Cattery back on commission agenda for special meeting
The City Commission has scheduled a special meeting for 5:30 p.m. April 30 to consider rescinding their action to postpone the cattery contract.
On April 2, the commission voted 3-2 to postpone action to Sept. 3 on awarding a $462,000 contract to Detailed Construction for the cattery addition at the Great Falls Animal Shelter.
That action effectively rejected the bid since under the terms of the invitation to bid and instructions to bidders, the contract is to be awarded within 60 days of the bid opening on March 20.
Public response was largely frustration with the commission’s decision and on April 16, Commissioner Owen Robinson, who originally motioned to delay the decision, suggested that they schedule a special meeting to rescind the action and then reconsider the contract on May 7.
Staff is recommending that commissioner rescind the April 2 action during the special meeting so that the commission can consider awarding the contract on May 7 within the 60 day deadline.
Staff and volunteers at the city animal shelter have been fundraising for years to fund improvements and the cattery addition and the contract would be funded entirely with donations, other than the purchase of the hydroincinerator that the commission approved in the shelter’s 2017 budget.
Commissioners met community pushback since Robinson is a former president of the Maclean Cameron Animal Adoption Center and pushed for the delay so that he and Commissioner Mary Moe could continue meetings with Maclean’s foundation to explore a possible partnership between the city and the foundation.
The two commissioners had been meeting with the foundation outside the public eye.
In February, Robinson announced that he wanted to have those meetings with the foundation and said that since it was just two commissioners, no public notice would be needed and it wasn’t a quorum so those meetings wouldn’t have to meet public meeting laws.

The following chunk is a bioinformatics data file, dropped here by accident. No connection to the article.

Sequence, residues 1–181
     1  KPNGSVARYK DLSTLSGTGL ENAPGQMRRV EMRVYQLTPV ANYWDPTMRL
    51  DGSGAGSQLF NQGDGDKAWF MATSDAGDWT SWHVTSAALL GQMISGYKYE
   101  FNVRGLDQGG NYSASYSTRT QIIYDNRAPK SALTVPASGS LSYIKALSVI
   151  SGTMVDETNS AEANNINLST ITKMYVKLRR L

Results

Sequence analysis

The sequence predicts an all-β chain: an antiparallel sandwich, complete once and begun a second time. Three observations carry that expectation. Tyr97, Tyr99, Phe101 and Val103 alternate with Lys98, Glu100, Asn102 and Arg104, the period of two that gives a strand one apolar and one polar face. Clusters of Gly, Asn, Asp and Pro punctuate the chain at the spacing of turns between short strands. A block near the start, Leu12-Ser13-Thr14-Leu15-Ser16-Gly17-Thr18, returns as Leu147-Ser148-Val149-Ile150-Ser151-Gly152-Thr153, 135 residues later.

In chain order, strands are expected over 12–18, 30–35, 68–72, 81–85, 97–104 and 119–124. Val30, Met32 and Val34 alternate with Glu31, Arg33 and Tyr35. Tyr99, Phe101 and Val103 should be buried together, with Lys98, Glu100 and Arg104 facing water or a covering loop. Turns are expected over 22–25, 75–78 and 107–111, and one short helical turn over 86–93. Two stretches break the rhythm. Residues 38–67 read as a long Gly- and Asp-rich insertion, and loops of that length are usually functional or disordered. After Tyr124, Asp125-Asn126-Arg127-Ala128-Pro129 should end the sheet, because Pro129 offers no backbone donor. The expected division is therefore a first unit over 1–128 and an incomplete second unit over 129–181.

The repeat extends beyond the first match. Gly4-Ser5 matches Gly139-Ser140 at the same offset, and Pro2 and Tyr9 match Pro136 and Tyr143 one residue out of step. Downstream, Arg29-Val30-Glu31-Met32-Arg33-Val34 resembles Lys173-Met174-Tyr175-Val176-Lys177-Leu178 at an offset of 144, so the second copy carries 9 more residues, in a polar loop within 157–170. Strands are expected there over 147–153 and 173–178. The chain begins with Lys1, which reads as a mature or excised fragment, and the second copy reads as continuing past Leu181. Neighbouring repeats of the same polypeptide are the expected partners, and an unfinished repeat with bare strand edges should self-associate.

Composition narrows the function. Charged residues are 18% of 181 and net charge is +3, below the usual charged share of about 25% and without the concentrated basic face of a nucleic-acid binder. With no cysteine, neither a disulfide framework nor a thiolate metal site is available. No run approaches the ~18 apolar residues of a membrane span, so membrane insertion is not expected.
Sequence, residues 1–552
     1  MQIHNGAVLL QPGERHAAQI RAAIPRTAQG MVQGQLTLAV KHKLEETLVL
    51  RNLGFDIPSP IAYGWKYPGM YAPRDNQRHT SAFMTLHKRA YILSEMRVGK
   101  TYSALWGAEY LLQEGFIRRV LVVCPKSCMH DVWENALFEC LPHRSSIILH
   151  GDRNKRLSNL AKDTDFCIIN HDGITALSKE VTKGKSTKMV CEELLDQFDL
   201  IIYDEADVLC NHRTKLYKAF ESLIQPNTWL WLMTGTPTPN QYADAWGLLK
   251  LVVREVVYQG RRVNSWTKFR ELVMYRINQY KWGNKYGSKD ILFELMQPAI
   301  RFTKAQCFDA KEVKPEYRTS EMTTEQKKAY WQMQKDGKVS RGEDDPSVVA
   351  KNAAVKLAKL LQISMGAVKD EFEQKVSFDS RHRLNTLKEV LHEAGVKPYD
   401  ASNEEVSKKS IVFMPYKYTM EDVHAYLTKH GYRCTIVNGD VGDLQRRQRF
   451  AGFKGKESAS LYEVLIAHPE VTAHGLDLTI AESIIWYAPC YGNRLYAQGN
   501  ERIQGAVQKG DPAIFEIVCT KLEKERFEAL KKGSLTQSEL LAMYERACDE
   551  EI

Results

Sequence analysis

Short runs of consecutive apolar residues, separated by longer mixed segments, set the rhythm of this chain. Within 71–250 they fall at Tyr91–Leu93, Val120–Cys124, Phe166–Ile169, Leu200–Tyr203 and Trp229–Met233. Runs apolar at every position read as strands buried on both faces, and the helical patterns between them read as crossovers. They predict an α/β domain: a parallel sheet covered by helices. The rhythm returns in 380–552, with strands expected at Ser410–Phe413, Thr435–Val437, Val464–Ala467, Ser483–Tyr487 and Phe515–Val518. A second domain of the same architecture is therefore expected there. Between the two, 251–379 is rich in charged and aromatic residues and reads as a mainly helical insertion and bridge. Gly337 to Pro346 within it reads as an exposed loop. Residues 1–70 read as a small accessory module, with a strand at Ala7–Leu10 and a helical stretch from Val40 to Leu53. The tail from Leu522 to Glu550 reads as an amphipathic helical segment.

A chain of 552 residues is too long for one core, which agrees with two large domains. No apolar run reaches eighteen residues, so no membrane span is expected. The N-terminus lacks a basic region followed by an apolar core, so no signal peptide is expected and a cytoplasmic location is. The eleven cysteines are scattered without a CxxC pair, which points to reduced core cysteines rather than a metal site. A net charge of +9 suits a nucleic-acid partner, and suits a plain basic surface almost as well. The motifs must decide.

He has also said in public meetings that he and Moe are acting in their official capacity on behalf of the city. Staff had been left largely out of those discussions this spring.
The relationship between the city and the animal foundation has been a rocky affair for more than a decade.
Robinson and Moe said they believe that tension can be overcome and they were interested in determining if a possible partnership could save the city about $200,000 in animal related operations.
During discussion on the cattery, Robinson said that one thought was that the city should close its current facility and move operations into the Maclean’s newer facility.
The city shelter is typically at capacity on cats every spring or summer and last week, the shelter posted to its Facebook page that it’s at capacity on dogs. A number of citizens said in the commission meeting and in written comments that regardless of their opinions on the foundation or the city, both facilities are full and animals need more space.
The city shelter was built in the 1970s and serves an average of 2,000 animals annually, of which about 800 are cats, according to the shelter.
The city shelter operates with an annual budget of about $529,000.
In a response to The Electric in February, the center’s board said that donations and service income fund 100 percent of their operations.
In their response, the board said their operating budget fluctuates based on the number of animals they take in and the services they offer.
The foundation paid off its $1.7 million debt on the building in February 2018.
According to a response to The Electric from the foundation board, the foundation has $157,797.41 of remaining debt on the land.
“The owners gave us a tremendous deal on the land and the payment schedule to acquire the land. In addition, we have a donor who has committed to match half of the annual payment through 2022. We have 7 more payments to acquire the land,” the board said in a response to The Electric.
As of the end of February, the center had six full-time employees, meaning they work 32 hours or more, and six part-time employees, according to the foundation board.